Guidelines for Male Condom Use
Guidelines for Male Condom Use
For those who always wandered if there were ever any guidelines or directions for using male condoms; well, looky, looky, I found some. Check out these guidelines and commit them to memory. They just may prove to help you out one day.
- Condoms should never be stored in hot places like car glove-compartments or wallets kept in pockets close to the body, as prolonged exposure to heat weakens latex.
- Sharp fingernails can damage condoms. In case of shaved or trimmed pubic hair extra care should be taken due to the stubble.
- Condoms are best put on the erect penis as soon as an erection is achieved and before any contact with the other person’s body, and should always be put on before contact with a vagina or anus.
- Retracting the foreskin before putting on a condom maximizes mobility and reduces the risk of breakage during intercourse.
- Room needs to be left at the tip of a condom to hold semen. Most condoms have a reservoir tip that should be pinched while applying the condom to avoid trapping an air bubble which could burst later.
- Water-based sexual lubricants, such as KY Jelly, are safe for use with condoms, but oil-based lubricants weaken latex and may cause it to tear or develop holes. Lubrication can be used to reduce the abrasion on the condom during vaginal sex, and is virtually essential for anal sex. However lubrication should be used with care. One study has shown that additional lubrication may double the rate of condom slippage for vaginal sex and increase the rate of condom slippage for oral sex. The rate of condom slippage during anal sex however was reduced.
- Some condoms are designed specifically for anal sex. The material is slightly thicker, making these condoms less likely to tear than those designed for vaginal sex.
- Condoms should be discarded after the expiration date on the package. Even ones that seem fine past that date may be more likely to burst later.
- The penis should be withdrawn immediately after ejaculation, even if the erection can be maintained; leaving it in leads to needless risk.
- The base of the condom should be held during withdrawal to prevent the condom from slipping off.
- One’s hands and penis should be washed before further physical contact with another person (including the sexual partner)
- Condoms are for single use only, and should never be reused.
- Condoms are available in special sizes for people who require larger or smaller ones.
- Practicing applying condoms alone in a well lighted place can help a man learn to apply it correctly before using them for sex.
Microbicides, Innovations in Reproductive Health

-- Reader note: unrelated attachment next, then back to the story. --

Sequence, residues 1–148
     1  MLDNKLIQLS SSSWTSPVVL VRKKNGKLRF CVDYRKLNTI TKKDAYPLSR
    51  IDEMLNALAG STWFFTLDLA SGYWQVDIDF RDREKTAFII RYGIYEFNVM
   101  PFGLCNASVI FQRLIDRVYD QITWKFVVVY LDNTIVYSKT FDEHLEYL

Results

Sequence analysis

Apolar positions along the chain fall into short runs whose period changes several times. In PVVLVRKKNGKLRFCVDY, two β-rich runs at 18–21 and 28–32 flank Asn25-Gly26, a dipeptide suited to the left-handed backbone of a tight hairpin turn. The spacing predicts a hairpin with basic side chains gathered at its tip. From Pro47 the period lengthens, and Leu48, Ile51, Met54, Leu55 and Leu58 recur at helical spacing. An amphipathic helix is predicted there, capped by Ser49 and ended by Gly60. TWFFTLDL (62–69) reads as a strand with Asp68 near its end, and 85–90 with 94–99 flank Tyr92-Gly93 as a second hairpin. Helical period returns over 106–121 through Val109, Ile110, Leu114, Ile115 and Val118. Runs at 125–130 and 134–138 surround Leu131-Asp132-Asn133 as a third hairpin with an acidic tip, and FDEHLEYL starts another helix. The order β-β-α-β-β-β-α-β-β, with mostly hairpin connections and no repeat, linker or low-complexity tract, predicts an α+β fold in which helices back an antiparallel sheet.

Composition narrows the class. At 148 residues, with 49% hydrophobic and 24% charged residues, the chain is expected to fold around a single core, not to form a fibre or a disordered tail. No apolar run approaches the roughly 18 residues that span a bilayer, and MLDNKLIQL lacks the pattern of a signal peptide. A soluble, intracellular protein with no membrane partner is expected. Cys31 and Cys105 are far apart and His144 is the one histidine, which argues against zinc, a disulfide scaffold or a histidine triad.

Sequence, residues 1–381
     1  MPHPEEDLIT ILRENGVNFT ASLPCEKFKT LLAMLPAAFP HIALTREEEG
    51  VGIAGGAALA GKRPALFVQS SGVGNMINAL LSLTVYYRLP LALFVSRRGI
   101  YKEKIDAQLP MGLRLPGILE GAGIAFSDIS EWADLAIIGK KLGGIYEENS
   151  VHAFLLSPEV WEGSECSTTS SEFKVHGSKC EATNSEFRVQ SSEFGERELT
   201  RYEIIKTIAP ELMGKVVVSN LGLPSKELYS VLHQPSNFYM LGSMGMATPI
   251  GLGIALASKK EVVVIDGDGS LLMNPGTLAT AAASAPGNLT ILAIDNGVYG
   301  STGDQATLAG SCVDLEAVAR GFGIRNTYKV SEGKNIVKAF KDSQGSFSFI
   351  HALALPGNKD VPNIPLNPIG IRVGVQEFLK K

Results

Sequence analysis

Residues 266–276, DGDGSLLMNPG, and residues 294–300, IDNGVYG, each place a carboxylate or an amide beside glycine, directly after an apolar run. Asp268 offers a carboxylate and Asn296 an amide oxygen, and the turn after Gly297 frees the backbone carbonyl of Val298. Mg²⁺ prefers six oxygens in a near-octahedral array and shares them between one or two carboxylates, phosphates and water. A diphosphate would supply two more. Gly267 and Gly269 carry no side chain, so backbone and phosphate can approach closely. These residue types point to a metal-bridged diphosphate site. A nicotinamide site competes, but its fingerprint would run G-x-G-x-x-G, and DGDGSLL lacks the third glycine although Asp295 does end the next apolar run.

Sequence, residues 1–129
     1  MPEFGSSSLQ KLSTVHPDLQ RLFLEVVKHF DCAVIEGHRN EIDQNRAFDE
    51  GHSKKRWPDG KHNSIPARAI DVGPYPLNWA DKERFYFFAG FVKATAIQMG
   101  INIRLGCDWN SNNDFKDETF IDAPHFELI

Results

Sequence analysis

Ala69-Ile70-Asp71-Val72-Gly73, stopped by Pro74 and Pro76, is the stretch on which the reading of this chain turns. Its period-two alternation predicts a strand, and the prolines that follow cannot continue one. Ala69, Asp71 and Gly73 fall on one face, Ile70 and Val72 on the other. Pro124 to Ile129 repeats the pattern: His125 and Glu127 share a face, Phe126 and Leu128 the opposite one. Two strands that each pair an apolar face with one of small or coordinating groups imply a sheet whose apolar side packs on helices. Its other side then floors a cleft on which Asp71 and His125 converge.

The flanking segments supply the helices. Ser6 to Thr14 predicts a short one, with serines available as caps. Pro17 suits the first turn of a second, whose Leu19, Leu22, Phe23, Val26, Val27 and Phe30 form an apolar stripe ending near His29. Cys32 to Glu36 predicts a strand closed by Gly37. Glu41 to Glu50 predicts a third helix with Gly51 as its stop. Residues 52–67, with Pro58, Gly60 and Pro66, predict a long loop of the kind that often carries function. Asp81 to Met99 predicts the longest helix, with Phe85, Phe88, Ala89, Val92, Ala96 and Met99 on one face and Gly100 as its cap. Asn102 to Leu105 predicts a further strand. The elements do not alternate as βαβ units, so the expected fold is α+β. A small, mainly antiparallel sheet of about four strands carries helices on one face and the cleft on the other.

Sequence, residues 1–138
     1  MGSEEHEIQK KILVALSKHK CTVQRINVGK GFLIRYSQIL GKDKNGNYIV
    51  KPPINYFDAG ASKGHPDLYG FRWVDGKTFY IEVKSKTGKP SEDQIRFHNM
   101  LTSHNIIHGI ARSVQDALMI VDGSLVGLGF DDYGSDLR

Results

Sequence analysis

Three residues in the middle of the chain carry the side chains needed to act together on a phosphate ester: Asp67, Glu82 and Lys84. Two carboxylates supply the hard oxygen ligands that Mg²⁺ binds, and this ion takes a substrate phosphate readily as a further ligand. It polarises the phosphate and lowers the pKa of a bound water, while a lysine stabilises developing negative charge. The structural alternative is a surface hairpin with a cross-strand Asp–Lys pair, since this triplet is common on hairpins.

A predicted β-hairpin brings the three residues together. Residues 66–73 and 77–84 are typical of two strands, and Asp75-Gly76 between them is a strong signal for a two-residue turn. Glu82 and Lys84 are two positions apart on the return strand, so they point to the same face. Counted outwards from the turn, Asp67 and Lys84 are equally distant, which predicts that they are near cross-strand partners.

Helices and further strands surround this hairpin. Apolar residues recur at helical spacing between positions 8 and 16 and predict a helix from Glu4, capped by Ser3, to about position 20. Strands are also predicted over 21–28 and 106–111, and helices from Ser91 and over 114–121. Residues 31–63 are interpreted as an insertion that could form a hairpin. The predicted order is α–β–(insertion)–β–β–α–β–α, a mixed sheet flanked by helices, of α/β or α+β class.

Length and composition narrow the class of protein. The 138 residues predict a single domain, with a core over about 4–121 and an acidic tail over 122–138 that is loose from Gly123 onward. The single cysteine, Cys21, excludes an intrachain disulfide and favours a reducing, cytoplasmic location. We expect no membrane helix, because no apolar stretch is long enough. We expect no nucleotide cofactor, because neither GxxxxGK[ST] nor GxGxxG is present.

What are microbicides? The term refers to a range of products that share the ability to prevent the sexual transmission of HIV and other sexually transmitted diseases when applied topically. A microbicide can come in various forms including gels, creams, suppositories, films, and as a sponge or ring that releases the active ingredient over time.
Microbicides are presently under scientific testing. Eleven out of sixty product leads have proven safe and effective in animals. The product is now being tested in people. Impending success could lead to the availability of a public use microbicide in the next five to seven years. Lack of funding for research and development causes major setbacks.
A microbicide would not eliminate the need for a condom. Male and female condoms provide better protection than microbicides. For people who do not use condoms, microbicides could have a considerable impact on the HIV epidemic. Research has shown if a small proportion of women in low income countries use a 60 % effective microbicide in half of their sexual relations where condoms are not used, 2.5 million HIV infections could be averted over 3 years.
Most microbicide products being tested work against the spread of HIV and one other sexually transmitted disease. It is difficult to make a one size fits all product because STDs are caused by different viral or bacterial pathogens. Health professionals suggest using multiple mechanisms for a wider range of protection.
The research is conducted by non-profit and academic institutions funded by federal research grants through the National Institute of Health, US Agency for International Development, and the Center for Disease Control and Prevention. Large pharmaceutical companies have not taken interest due to the low profit incentive.
No one strategy will solve the problems associated with sexually transmitted diseases, including HIV/AIDS. Microbicides serve as an additional tool to prevent the spread of disease. Existing prevention strategies—such as behavior change, broad access to condoms, counseling and testing, and STD diagnosis and treatment are equally important in the fight against AIDS.